EDUCATION Minister Heng Swee Keat is overseeing a new task force to deal with concerns over defects at premium Housing Board (HDB) project Centrale 8.
Mr Heng is a Member of Parliament for Tampines GRC, where the 708-unit Design, Build and Sell Scheme (DBSS) project is located.
The move comes after residents of over 350 units presented a petition to the developer, Sim Lian Group, last week. A copy was sent to Tampines GRC MPs.
Some Centrale 8 home owners had found defects such as rusty door handles, uneven tiles and choked toilets after collecting their keys from June last year. But Sim Lian Group said earlier that there is "no basis" to extend the defect liability period, the one-year timeframe during which the developer is required to rectify any defect.
Another Tampines GRC MP, Mr Baey Yam Keng, told residents on Sunday that he had discussed the issue with Mr Heng and they felt a "special task force" should be formed.
Mr Baey, who chairs Tampines Town Council, said in an e-mail to them: "With the defects liability period expiring soon for many Centrale 8 units, there are naturally some anxieties." Mr Heng "is taking a personal interest in this matter", he added.
Yesterday, Mr Baey told The Straits Times the task force will gather all relevant parties to make it convenient for residents, adding: "We will also bring in expertise to offer professional and maybe even legal guidance."
The task force is led by Tampines Central Citizens Consultative Committee chairman Gerald Lim. It comprises members of the committee and representatives from agencies such as the town council and HDB.
Mr Lim said yesterday: "In situations like this, there will always be different views. Hopefully, the task force can enable people to better understand the different perspectives and it should create a conducive setting for an expeditious solution."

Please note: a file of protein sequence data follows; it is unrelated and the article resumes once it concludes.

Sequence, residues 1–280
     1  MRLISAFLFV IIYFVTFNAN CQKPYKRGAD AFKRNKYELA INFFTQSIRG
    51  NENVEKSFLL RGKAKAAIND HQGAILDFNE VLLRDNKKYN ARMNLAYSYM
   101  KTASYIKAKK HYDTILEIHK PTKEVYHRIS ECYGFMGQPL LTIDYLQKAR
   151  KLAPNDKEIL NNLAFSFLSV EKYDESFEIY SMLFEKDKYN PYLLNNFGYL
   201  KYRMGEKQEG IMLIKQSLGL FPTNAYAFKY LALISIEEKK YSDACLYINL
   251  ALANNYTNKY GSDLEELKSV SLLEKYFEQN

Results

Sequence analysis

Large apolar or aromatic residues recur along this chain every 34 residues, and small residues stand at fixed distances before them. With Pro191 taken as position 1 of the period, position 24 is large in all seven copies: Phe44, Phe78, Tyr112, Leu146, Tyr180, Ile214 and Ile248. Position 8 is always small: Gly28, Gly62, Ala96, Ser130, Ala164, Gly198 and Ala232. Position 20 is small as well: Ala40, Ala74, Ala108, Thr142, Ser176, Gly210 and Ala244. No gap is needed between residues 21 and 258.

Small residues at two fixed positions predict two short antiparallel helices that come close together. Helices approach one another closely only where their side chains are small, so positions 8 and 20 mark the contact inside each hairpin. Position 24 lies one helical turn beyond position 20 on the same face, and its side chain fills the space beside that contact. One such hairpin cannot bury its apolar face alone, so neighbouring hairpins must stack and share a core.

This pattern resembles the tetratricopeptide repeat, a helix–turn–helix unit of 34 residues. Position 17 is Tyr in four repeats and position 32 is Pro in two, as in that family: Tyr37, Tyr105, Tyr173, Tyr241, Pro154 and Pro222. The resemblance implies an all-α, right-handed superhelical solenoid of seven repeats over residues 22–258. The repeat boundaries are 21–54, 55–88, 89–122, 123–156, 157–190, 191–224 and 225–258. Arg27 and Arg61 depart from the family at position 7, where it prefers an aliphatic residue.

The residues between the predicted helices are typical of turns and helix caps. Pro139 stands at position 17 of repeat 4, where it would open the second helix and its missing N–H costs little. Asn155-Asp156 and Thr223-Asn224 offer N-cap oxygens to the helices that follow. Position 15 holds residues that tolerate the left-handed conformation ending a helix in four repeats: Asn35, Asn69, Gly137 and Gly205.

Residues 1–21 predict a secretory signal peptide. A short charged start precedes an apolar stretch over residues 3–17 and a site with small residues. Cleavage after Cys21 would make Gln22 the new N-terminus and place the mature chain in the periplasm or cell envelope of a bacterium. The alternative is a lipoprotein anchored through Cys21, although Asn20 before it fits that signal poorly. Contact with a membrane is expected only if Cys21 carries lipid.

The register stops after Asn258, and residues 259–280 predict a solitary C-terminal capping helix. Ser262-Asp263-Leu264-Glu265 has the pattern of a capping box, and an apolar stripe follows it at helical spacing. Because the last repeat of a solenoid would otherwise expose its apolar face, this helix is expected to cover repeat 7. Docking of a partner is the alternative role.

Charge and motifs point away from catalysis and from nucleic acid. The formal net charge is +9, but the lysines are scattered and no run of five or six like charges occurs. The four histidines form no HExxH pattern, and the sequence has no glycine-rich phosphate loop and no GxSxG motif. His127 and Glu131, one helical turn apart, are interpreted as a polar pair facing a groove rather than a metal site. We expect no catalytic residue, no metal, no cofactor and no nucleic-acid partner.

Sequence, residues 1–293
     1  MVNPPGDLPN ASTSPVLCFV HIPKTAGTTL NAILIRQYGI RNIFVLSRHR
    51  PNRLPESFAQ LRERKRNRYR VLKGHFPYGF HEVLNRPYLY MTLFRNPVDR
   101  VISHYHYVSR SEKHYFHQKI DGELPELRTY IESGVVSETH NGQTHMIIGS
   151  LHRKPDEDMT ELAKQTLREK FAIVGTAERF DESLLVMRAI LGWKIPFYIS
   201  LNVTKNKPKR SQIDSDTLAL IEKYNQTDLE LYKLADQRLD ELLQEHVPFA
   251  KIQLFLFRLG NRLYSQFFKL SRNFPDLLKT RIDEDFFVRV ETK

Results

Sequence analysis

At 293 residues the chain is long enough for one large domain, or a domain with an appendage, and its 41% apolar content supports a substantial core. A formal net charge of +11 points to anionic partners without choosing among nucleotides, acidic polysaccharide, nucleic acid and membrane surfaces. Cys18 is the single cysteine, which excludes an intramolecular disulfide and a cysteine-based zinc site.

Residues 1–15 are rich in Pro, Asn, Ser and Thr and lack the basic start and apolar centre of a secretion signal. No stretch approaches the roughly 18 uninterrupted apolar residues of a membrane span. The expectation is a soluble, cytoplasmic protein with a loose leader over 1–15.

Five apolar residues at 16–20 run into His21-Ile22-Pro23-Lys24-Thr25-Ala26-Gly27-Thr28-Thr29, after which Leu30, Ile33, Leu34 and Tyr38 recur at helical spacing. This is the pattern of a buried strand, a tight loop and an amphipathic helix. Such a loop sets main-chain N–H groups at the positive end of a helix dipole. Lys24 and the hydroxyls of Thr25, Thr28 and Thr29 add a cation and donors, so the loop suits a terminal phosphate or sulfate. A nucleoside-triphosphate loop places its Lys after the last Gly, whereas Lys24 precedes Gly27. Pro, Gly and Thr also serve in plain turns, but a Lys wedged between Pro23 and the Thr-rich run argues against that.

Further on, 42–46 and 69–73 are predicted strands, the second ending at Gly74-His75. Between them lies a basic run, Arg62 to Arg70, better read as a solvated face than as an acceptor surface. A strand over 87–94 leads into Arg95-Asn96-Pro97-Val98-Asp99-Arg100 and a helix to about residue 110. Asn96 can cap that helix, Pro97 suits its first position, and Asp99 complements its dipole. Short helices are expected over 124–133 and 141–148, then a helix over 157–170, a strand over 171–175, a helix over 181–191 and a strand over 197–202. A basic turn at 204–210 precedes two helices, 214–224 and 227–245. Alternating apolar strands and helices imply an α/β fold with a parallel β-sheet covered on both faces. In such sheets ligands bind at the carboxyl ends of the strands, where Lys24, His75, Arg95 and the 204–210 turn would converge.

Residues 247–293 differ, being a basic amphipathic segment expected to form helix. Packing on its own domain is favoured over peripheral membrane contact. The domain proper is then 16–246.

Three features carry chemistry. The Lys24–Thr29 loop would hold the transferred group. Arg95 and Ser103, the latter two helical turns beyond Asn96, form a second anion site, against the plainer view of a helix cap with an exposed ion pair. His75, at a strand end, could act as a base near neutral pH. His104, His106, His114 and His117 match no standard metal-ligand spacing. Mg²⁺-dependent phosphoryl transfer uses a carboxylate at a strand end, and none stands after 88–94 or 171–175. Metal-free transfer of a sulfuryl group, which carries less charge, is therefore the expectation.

One of the seven demands in the petition is a dialogue with Sim Lian Group next month in the presence of HDB and the residents' MPs.
Residents also want the Building Service Centre at Centrale 8 to remain in operation until the end of December, and offsite support to continue to June 2017.
Other requests include compensation for design issues such as sanitary pipes in the service yard, which residents say take up space and were not reflected in the layout plans.
One signatory, Mr Alex Tang, 48, said: "Having a task force to discuss the interests of the residents is good, because we can bring up issues that residents have faced to the authorities."
"(A DBSS unit) is a lot more expensive than a Build-to-Order one, and I feel that we should have premium quality," added the logistics executive, who paid $740,000 for his five-room flat.
Centrale 8 is one of several DBSS projects, such as Pasir Ris One and Trivelis in Clementi, that have made headlines recently after residents complained about defects or design flaws.
In response to queries from The Straits Times, Sim Lian Group confirmed that it had received the residents' petition and "will continue to attend to their concerns on a one-to-one basis".
Said a spokesman: "We have been engaging home owners individually over the past months to address their concerns."
But the service centre is unlikely to stay open. Sim Lian Group encouraged home owners to submit defect rectification forms before the on-site centre closes by the end of next month. After that, defects will be managed by Sim Lian Group's office.
Businessman Shawn Tan, 38, who paid $555,000 for a four-room flat, felt it was important to have the service centre at Centrale 8. "Having someone on site means it will be more responsive," he said. "People pay more for a DBSS flat so we do have higher expectations."